AMMAN, Jordan — Facing rising tensions over a revered holy site, Jordan's king and Israel's prime minister were to meet Thursday over how to inject calm into troubled Jerusalem before burgeoning violence grows out of control.
The evening discussion in the Jordanian capital meeting also will seek to soothe diplomatic relations between the two allied Mideast nations that have grown frosty in recent weeks over what Amman has described as heavy-handed tactics by Israeli authorities against Muslims seeking to pray at the al-Aqsa mosque in Jerusalem. The mosque is located on the same hilltop compound that is the third-holiest site in Islam and the most sacred place in Judaism.
U.S. Secretary of State John Kerry, who spent much of the last year unsuccessfully trying to broker a peace agreement between Israel and Palestinians, will also attend the evening discussion with Jordan's King Abdullah II and Israeli Prime Minister Benjamin Netanyahu.
The meeting will "focus on ways to restore calm and de-escalate tensions in Jerusalem," State Department deputy spokeswoman Marie Harf said in a statement Thursday from Amman.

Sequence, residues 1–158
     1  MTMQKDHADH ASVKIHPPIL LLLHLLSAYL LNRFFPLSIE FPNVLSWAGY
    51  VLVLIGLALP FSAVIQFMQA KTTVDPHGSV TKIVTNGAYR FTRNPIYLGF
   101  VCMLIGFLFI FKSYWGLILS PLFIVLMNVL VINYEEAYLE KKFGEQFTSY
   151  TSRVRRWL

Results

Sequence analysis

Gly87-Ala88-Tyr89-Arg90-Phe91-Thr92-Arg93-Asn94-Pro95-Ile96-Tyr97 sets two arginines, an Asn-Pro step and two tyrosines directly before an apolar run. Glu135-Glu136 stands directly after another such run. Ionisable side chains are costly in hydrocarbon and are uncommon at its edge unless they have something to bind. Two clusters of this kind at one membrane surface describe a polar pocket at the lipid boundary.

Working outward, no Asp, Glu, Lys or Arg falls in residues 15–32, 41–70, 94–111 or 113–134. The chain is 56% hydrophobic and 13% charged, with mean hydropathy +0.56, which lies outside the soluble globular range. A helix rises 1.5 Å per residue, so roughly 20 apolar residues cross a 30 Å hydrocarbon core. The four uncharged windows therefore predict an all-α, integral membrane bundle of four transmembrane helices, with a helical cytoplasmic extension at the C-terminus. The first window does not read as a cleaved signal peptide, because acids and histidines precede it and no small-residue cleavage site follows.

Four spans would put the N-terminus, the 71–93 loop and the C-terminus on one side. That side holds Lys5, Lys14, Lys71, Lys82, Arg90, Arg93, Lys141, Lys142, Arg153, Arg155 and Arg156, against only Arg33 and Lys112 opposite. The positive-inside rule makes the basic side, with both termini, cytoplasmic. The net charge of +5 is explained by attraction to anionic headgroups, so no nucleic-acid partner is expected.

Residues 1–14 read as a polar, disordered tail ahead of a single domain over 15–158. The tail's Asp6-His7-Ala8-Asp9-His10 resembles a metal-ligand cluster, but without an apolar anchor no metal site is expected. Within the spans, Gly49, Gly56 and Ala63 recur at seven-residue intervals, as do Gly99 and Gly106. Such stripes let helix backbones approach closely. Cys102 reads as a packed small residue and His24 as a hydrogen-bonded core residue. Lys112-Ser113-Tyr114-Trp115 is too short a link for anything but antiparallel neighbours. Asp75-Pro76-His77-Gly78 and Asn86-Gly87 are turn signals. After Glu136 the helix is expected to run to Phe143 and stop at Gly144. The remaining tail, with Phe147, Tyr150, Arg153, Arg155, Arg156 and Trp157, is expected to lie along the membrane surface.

Jordan is one of just two Arab countries at peace with Israel. As the custodian of the Muslim holy sites of Jerusalem and with significant influence in the West Bank, Jordan plays a key moderating and mediating role between Israel and the Palestinians. Jordan borders the West Bank and has a large Palestinian population.
But Amman last week pulled its ambassador from Tel Aviv to protest what the kingdom called an unacceptable crackdown by Israeli police against Palestinian demonstrations at al-Aqsa.
Long-simmering tensions have boiled over into violent demonstrations and deadly Palestinian attacks that have killed six people in recent weeks. The fatal shooting by police last weekend of an Israeli Arab protester in northern Israel as he appeared to be walking away from the officer has worsened the atmosphere.
Netanyahu has insisted that Israel has no plans to change the arrangements at the holy site, but his pledges have done little to bring calm.
A day earlier, on Wednesday, Israeli authorities gave preliminary approval to build 200 homes in a Jewish area of east Jerusalem, a move that threatened to push Israelis and Palestinians deeper into conflict after weeks of unrest. The U.S. says it is concerned by the new settlements, which all but certainly will scuttle prospects of re-opening peace talks any time soon.
The collapse last April of a U.S.-brokered peace settlement, Israel's war last summer in the Gaza Strip against the Islamic militant group Hamas, and the continued Israeli settlement construction in east Jerusalem have added to the distrust.
Kerry met earlier Thursday with King Abdullah and Jordanian Foreign Minister Nasser Judeh, as well as with Palestinian President Mahmoud Abbas. Abbas was not expected to join the trilateral discussion on Thursday evening.
Associated Press Writers Josef Federman and Peter Enav in Jerusalem contributed to this report. Follow Lara Jakes on Twitter at: https://twitter.com/larajakesAP